Clergy, faith playing pivotal roles in Ferguson, says Emory's Franklin
Aug. 27, 2014
As events in Ferguson, Missouri, have unfolded, Americans have witnessed the role of religion and religious leaders in dealing with the despair and tumult that has gripped the community, says public theologian Robert M. Franklin.
Franklin, newly appointed to the James T. and Berta R. Laney Chair in Moral Leadership at Emory's Candler School of Theology, shared his observations on the religious implications of recent events in Ferguson and the outlook for the future.
On the role of clergy in Ferguson, Missouri:
"Clergy are the community's natural grief counselors," says Franklin. "Since grief stages include anger and denial, clergy, as ritual experts, help mediate chaos, fear and uncertainty. And they do so through actual gestures (public prayer, exhortations) words (sermons of hope, empowerment or shaming bad behavior) and through their mere presence. The clergy collar is a potent symbol and uniform that declares that God is present in this chaos and tragedy. Clergy function as an 'alternative power structure' to politicians and police. We have seen this in the streets of Ferguson."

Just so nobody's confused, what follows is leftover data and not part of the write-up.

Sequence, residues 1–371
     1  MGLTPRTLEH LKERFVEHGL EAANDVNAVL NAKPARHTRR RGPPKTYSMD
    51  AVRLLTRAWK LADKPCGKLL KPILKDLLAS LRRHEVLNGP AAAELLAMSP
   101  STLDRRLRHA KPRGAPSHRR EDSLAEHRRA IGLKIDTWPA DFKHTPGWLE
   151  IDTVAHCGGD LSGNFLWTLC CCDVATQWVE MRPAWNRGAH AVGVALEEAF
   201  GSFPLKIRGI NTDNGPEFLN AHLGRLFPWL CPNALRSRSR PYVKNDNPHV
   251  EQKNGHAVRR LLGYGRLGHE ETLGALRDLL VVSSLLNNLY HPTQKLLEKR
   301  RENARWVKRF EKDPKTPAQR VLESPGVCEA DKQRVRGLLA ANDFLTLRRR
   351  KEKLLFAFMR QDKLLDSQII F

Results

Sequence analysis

On Michael Brown's funeral:
"The funeral was framed as a 'home going,' an emerging emphasis in black church funeral culture where people refuse to mourn in despair," Franklin says. "They rejoice, dance and shout to declare victory over death and injustice. I noticed that CNN's live coverage of Michael Brown's service revealed this cultural practice to the nation. Only clergy can lead such communal catharsis and healing processes."
On needed next steps:
"Many clergy urged protestors to channel their energy into voter registration, a valuable, constructive recommendation but psychologically inadequate," says Franklin. "I would like to see more clergy stand in the tradition of Dr. Martin Luther King Jr. to call for racial-ethnic dialogue that leads to community rebuilding and reconciliation. Archbishop Desmond Tutu's truth and reconciliation method could offer clues about rebuilding Ferguson as a better community. Someone must bridge the divide of competing protest marches for the victim and the officer."